You know, as the world turns and feeds off its own collective insanity, creating nothing useful but pain and suffering, I try to step back, close my eyes and simply breathe. In those moments I often turn to Brock Van Wey, and his truly blissed-out music. Thankfully for me, there is plenty from his catalog to choose from. Besides a few releases under his real name, of which Home is only the second on echospace [detroit], Wey has recorded over 20 full-length albums under his bvdub moniker, and even a few releases under Earth House Hold and East Of Oceans projects. And although at times it feels difficult to keep track of his ambitious output, it is the complete opposite feeling of being immersed in it – an effortless waft in the ocean of sound.
The work of Brock Van Wey has appeared numerous times on these pages, through album reviews, interviews, studio specials and even a few fan-dedicated mixes. Yet over and over I feel drawn to his output, compelling me once again to write these words. As I have already alluded, Home is a followup to Wey’s 2009 opus, White Clouds Drift On And On. The latter, also released on echospace, came with a second disc full of dubbed out interpretations by Stephen Hitchell as Intrusion. The sequel (if it may be called that), now nearly five years later, is also a double release, this time without the remix offering, but still, nevertheless, just as compelling.
Brock returns in beautiful form with what he’s said to us is his most personal and self defining moment in his fruitful musical career. This album however strikes on a very different chord from the last, rather than find contentment in repeating himself he’s sculpted a unique sound slightly out of focus from his previous work, a sound one could only say is like drifting in and out of consciousness.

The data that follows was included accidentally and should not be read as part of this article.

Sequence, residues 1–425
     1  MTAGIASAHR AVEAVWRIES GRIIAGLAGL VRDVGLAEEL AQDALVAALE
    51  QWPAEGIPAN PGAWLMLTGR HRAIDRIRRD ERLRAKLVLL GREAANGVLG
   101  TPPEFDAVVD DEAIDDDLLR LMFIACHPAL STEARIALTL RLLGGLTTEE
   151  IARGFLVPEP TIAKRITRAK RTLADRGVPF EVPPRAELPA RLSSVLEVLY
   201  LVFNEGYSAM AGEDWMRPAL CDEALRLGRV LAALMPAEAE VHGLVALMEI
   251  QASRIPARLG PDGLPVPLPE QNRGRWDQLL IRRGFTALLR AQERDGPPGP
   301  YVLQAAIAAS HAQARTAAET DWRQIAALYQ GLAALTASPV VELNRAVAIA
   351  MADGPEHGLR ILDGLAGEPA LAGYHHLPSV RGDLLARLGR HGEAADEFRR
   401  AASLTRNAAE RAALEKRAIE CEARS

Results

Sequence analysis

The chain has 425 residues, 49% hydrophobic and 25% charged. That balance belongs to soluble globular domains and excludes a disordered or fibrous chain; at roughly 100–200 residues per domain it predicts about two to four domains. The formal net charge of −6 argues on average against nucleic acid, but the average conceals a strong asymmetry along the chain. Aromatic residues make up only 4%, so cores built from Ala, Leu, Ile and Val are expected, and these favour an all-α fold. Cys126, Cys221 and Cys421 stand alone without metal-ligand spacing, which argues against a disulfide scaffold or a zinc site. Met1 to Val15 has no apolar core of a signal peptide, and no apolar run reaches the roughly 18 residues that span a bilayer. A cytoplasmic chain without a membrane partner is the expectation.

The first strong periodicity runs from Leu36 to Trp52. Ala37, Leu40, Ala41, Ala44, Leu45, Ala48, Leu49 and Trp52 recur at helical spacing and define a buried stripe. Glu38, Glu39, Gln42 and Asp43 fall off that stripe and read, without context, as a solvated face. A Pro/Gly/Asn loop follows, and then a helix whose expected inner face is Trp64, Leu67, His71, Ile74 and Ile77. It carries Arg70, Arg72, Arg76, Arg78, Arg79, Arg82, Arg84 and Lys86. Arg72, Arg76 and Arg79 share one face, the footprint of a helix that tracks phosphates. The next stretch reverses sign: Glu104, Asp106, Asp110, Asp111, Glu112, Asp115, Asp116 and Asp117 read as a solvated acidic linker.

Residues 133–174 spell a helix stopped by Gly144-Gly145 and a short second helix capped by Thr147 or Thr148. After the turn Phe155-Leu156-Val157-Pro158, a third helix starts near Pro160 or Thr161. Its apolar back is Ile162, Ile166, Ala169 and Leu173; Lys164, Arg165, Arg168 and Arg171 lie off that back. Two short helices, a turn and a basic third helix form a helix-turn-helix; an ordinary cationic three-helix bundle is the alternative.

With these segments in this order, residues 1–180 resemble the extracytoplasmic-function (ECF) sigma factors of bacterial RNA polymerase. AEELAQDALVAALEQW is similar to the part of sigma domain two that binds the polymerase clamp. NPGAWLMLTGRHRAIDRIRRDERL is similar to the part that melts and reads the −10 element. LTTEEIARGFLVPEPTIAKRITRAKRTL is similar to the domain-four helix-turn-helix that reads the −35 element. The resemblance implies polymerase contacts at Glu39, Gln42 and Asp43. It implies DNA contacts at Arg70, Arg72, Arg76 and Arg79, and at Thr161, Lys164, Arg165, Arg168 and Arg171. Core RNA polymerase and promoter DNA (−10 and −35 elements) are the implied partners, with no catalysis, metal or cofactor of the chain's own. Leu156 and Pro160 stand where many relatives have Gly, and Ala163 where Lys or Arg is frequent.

The ten long tracks on Home, all over 10-minute each and some approaching even 20, showcase some of Wey’s beautiful sound perfected throughout the years. Here are the gorgeous multi-chordal pads, spreading over barely recognizable major scales. Here are the looped female vocals, layered, delayed, reverbed and then layered again. Here are the stunning waves of phrasing, crashing upon the empty beach of your consciousness, and then receding into complete still after the storm. Here is the illusion of time, stretching nearly to three hours yet feeling like a single brief moment. It’s easy to get lost in Wey’s overlapping and sonic-rich tiers, only to find yourself wrapped in a thick blanket of sound, slowly drifting away into nothingness… and that’s precisely where I want to be… as the world turns…
Be sure to read our special: In the studio with Brock Van Wey